Most people assumed it won't happen to them, and the crisis would soon be resolved.
When Rock Hudson, the star, died from HIV/AIDS, celebrities became involved.
Then Ryan White, an innocent child, got AIDS from a bad-blood transfusion,
bringing the illness into mainstream, causing fear and lots of confusion.
AIDS became public and money was raised, the focus to work on a cure.
The disease has no boundaries, it kills young and old, gay and straight,
the rich and the poor.
Drugs have been tried, some are working, but nobody knows for how long.
They're expensive, with each dose exacting, and for many too toxic and
There are so many AIDS stories; some inspire and some are depressing.
Many say AIDS gives them purpose in life, and for them it turned into
Others with AIDS are frustrated, they're frightened, angry and pained.
Some are rejected by family and friends, they're emotionally and financially
For some populations it's out of control, while others are starting to cope.
Medical progress and public support are giving more reasons for hope.
According to national statistics, people with AIDS now live longer,
but as of this date, there's no cure in sight and the need for prevention's
AIDS education on how it's contracted and how to keep it from spreading
is the best way to reach people at-risk, and that's where new programs
After so many people we knew died, we wanted to do something special -
to help those we could express what they feel, in a form that would be
As artists we started a project as a way to help bridge the gap,
between the AIDS population, and everyone else on the map.
The day-to-day life of HIV/AIDS is transformed to a collage of art
to reach that someone who's not yet been touched, and hopefully tug at
To wipe out this virus completely, is the goal for which all must strive,
or one in four families will have someone with AIDS, by the year 2005.
Help Bring the Mural to Your City
The Center for Folk and Community Art is looking for
organizations and corporations to sponsor the "What It Feels Like To Live
With HIV\AIDS" mural to bring it to different cities.
Two CFCA artist will travel to your city to conduct
workshops and add narratives and artwork onto panels representing your
For information on sponsoring the mural in your city
or becoming involved in adding your stories to a panel, contact Stewart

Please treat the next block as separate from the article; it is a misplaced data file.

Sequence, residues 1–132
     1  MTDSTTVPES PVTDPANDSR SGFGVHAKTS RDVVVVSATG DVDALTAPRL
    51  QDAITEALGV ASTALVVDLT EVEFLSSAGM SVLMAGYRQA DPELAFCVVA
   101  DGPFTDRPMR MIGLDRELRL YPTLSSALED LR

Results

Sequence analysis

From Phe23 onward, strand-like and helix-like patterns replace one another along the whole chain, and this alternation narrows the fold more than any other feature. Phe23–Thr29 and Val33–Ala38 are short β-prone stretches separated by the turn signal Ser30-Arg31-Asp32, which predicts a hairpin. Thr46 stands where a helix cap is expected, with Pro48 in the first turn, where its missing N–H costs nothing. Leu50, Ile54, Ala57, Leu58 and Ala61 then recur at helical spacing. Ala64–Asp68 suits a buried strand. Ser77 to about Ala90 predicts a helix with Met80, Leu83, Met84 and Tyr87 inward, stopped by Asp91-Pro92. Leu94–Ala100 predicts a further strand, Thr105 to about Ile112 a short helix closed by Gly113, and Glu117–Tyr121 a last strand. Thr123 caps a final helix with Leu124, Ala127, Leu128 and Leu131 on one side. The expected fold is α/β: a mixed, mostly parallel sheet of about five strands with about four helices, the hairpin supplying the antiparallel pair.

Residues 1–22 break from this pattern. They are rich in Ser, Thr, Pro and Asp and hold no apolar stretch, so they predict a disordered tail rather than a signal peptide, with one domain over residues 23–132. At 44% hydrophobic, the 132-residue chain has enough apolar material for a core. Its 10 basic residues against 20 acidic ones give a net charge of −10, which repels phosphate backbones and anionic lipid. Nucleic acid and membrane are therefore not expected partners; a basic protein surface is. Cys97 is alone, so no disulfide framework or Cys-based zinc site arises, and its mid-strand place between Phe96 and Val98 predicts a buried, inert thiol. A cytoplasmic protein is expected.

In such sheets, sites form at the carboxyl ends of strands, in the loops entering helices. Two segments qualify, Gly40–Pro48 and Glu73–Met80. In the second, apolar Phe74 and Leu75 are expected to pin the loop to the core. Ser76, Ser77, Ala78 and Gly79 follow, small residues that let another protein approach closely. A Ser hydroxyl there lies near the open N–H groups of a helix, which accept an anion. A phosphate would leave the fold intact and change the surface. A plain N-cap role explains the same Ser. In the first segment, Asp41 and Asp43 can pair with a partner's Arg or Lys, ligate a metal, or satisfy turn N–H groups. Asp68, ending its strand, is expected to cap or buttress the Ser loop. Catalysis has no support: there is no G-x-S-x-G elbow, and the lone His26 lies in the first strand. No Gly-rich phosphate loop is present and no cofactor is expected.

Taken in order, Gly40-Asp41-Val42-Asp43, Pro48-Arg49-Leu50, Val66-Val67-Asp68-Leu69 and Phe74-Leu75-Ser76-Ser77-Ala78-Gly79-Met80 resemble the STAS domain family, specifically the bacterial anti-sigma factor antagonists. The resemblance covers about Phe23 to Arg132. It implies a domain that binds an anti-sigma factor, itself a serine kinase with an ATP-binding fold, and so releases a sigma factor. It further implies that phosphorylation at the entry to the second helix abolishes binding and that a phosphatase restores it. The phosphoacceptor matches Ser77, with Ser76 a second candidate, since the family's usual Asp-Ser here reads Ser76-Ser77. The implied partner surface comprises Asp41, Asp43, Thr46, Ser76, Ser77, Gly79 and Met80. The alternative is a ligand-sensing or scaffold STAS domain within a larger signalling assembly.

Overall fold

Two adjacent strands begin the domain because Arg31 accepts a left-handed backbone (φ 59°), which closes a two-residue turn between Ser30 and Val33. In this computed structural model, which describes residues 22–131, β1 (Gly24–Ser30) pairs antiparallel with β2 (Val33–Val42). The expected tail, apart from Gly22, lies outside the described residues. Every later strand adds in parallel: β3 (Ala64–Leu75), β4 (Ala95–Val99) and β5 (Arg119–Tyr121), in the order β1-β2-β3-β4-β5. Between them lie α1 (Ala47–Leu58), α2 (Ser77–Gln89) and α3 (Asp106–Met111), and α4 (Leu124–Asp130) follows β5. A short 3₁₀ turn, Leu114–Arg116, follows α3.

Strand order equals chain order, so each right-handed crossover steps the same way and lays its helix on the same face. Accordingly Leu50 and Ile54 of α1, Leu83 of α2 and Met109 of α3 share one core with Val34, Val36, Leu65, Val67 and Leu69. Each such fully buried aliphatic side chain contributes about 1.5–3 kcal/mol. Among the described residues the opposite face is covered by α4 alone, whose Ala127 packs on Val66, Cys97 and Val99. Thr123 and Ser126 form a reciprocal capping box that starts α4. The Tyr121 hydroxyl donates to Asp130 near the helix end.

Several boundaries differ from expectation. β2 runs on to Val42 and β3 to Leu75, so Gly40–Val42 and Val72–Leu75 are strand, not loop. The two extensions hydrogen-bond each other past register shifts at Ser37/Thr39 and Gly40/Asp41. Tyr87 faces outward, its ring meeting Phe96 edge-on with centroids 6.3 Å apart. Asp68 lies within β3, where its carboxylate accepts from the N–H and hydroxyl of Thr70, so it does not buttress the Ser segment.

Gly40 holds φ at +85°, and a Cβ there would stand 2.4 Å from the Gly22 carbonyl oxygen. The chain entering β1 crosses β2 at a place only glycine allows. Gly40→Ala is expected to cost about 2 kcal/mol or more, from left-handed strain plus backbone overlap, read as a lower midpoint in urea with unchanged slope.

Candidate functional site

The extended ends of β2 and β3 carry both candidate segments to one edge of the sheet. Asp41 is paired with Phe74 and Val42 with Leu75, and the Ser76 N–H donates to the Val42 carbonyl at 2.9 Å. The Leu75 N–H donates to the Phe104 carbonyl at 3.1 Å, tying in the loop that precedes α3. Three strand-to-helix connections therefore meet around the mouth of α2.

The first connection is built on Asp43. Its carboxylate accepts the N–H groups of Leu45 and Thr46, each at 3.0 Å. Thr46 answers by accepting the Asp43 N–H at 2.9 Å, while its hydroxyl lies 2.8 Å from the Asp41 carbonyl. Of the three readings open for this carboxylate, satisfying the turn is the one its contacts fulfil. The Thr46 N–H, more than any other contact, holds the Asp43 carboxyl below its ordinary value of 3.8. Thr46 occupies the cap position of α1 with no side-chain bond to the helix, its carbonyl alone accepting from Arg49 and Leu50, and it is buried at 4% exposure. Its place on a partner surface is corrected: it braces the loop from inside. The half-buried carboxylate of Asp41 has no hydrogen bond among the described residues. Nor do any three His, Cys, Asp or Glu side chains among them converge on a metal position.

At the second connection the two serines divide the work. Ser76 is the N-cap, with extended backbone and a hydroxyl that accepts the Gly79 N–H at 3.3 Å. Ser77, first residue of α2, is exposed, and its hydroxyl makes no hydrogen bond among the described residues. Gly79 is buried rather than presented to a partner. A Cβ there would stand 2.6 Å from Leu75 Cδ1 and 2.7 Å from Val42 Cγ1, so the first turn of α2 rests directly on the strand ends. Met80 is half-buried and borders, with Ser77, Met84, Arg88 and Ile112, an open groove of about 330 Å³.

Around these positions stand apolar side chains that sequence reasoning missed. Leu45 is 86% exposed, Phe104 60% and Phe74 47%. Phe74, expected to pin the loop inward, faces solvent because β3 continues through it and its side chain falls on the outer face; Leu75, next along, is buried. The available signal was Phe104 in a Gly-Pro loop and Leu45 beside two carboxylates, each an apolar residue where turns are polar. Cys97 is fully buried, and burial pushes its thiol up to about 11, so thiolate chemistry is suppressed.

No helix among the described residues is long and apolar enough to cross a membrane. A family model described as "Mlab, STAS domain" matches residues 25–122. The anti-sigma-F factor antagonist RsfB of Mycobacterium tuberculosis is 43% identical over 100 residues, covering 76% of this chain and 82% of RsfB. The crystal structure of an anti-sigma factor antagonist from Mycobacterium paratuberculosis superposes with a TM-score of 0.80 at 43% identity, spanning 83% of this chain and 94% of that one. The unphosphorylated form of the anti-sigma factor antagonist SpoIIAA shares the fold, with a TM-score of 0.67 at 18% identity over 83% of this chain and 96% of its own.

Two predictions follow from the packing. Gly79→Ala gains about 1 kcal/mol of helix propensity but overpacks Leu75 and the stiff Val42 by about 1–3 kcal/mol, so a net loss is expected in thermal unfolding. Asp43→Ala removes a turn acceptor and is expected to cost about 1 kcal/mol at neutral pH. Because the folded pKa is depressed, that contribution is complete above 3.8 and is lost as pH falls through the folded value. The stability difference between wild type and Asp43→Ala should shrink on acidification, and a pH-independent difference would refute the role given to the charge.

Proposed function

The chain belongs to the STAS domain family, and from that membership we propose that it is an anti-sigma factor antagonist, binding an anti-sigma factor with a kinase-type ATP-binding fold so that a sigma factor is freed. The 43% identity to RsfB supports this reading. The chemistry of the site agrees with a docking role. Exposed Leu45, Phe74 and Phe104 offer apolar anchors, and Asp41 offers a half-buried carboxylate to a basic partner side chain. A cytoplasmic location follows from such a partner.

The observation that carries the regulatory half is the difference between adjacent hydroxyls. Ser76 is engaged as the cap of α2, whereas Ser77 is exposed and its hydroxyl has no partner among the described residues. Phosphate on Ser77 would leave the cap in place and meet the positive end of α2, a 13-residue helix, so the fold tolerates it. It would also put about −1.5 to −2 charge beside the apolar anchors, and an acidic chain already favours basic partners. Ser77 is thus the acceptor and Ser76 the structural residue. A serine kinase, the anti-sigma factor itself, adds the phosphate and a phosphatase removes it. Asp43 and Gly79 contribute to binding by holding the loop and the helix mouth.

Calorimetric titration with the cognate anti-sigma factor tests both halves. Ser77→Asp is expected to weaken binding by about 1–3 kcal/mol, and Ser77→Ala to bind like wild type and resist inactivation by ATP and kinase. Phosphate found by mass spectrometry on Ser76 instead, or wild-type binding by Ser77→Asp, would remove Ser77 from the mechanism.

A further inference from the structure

Stewart or Dena Stewart at:
The Center for Folk and
1800 Michigan Ave.
Miami Beach, FL 33139
The faceless statistics living with HIV/AIDS become
real people and their powerful messages appropriate for people of all
ages to relate to and learn from.
This project provides a forum to open up dialogue,
eliminate misconceptions about who is at-risk, and create an atmosphere
of understanding and compassion - the first step in bridging the gap between
the HIV/AIDS affected group and
The cultural arts make it possible to open minds and
stimulate dialogue. This is the first step to problem solving.
In order for AIDS prevention methods to be taken seriously
and work, education - for everyone, particularly youngsters who are not
yet sexually active, teenagers who think they are invincible, and senior
citizens, unaware of the dangers of unsafe sex - is a vital component.
The lessons and experiences of people who are living with HIV/AIDS, presented
in art form, offers a new tool to increase public awareness and awaken
the public to their own vulnerability.
State of Florida, Department of Health, Disease Intervention Bureau Training
Conference, Orlando, FL, June 1997
The Fourth Annual AIDS Meal Providers Conference, Miami, September 1997
1997 United States
Conference on AIDS,
Miami, September, 1997
The South Beach AIDS Project "AIDS Awareness Event" Miami Beach, September
Association of Nurses AIDS Care (ANAC) Conference, Miami, November 1997
The Stephen P. Clark Government Center,
Miami, November 1997
Miami-Dade Public Library, March, 1998
Red Square, Miami Beach, March, 1998
The SunTrust Bank Building, May 1998
The Stephen P. Clark Government Center, Miami, June, 1998
The Miami Herald Building, August-September 1998
San Diego Public Library,
Sept. 25-Nov. 18, 1998
1998 United States Conference on AIDS,
October 28-November 1, 1998
Dallas Public Library,
November 2-18, 1998
The Museum of Science, Miami, November 1998 - January 1999
United Foundation for AIDS (UFA) Awareness Event at the Port of Miami,
January 16, 1999
Lincoln Road, Miami Beach, February 1999
The Stephen P. Clark Government Center, Miami, March 8 - 26, 1999
POZ Health Fair, Coral Gables, April 7, 1999
Mothers' Voices Luncheon, Miami, May 7, 1999
Living Better Expo Tour,
Miami Beach, May 25-26, 1999
Minority Health Profession's Foundation, National Minority HIV/AIDS Prevention
Campaign, Town Hall Meeting, Miami, July 24, 1999
Cultural Arts Center
October 26-November 30,1999
South Miami Hospital
January 17 - February 28, 2000
"HIV/AIDS in the Black Churches Month"
Goulds Park, FL
March 1-31, 2000
Florida International University, November 15 - December 15, 2000
Stephen P. Clark Center, February, 2001
Miami Beach Botanical Gardens, March, 2001
William H. Turner Technical Arts High School Library, April, 2001
North Miami Public Library, June - July, 2001